One of the main reasons why people seem so frustrated that their creativity process is not kicking in is because they don’t take the time to sit down and really clearly define what they’re trying to do. It’s as if they’re trying to identify an object at the bottom of a muddy pond. No matter how hard they strain their eyes, they can’t make it out. You have to remove the mud, the sticks, the grass, and the sand to get a crystal clear look at what you want. Your mind cannot devote its resources to creative power if it’s wasted on running around in circles trying to figure out what it’s supposed to do. Remember, clarity always precedes creativity. Always.

Once you’re clear on what you want to do, expose yourself to as much information as possible relating to the subject of what you’re trying to accomplish. Read the books, the magazines, the articles, talk to people to get different viewpoints, etc. What this does is slowly add “fuel” to “spark” the fire of creativity within you.

What happens next is you’re going to get an epiphany. A flash of insight. A bolt of lightning that shoots straight into your mind. Most people think that creativity comes in this type of one big flash of insight but what most people don’t realize is everything that happened in the background before, that contributed to this one big flash of insight. Creativity is a result of an entire concoction of clarity, knowledge, experience, etc., that all stew in your subconscious mind until it analyzes all that to give you that flash of insight.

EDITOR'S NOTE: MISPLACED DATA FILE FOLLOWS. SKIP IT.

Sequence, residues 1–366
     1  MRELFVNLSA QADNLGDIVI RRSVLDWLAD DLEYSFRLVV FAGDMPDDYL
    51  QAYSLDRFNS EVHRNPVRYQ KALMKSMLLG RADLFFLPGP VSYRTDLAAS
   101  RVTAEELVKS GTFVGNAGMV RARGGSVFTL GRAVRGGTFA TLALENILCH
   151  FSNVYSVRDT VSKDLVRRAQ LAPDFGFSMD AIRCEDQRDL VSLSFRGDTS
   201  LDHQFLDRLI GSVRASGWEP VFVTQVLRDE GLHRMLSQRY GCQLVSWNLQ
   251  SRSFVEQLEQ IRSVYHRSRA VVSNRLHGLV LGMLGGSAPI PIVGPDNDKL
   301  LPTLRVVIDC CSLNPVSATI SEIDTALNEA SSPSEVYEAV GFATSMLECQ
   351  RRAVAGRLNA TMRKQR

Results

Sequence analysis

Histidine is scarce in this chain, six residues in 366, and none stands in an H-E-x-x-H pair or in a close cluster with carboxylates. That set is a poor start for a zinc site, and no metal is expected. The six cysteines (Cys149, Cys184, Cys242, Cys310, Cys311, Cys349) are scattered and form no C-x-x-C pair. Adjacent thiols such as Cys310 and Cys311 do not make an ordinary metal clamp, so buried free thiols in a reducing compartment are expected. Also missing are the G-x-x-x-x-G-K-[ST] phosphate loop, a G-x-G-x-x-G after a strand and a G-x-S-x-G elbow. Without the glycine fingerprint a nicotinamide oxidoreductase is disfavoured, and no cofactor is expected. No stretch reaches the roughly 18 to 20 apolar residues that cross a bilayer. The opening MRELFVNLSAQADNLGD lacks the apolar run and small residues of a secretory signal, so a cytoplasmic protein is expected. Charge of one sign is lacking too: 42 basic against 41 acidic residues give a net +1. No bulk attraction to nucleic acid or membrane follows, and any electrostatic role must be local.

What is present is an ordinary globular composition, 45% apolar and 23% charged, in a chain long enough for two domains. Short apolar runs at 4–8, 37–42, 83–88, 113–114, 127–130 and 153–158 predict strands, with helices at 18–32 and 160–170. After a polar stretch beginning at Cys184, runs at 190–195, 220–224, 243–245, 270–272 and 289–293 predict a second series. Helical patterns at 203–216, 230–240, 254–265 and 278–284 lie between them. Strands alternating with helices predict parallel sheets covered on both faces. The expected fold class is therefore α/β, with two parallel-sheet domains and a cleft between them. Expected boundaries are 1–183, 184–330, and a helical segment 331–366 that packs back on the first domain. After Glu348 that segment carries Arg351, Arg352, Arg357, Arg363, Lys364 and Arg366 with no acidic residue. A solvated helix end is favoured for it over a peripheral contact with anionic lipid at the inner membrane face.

Your job is to provide your mind with everything it needs to arrive at that one big flash, but you’ll find that flash of insight is just the beginning. The biggest misconception regarding creativity is that it’s a one time event. It’s not. Creativity is a never ending process that takes you on tangent after tangent after tangent. That great idea, when implemented will lead you to another great idea, and another, and will motivate you to seek out more knowledge and experience, which will spark another idea, etc.

To give you a better understanding of the process of creativity, I’m going to use a simple visual analogy. Imagine clearly defining what you want to do as gathering wood for a fire and stacking it in a pile. Then imagine getting the information from books, people, magazines about what you’re trying to accomplish as gathering combustible fodder material for the fire – dead leaves, moss, lighter fluid etc. That flash of insight you have – think of it as a match that’s just been lit – if you don’t act on that flash of insight that comes into your mind, that’s the same thing as just holding that match and refusing to throw it into your pile of combustible material. Once you act on that idea – it’s as is you toss that match onto your pile of combustible material to start the fire of creativity.

You can start to do a lot more things with the fire now. You get warmth from the fire, you can cook food, light a torch and explore a different path and see things you’ve never seen before because of the light – (of course these are all metaphors to illustrate the different paths and tangents you can go on now that you’ve fully engaged the process of creativity) but the point remains – the most crucial component is acting on that flash of insight that comes because that’s really the starting point of creativity. The process then loops itself and it completes a lot faster and then you engage in that “flow” that everyone speaks of when they describe their experiences with creativity.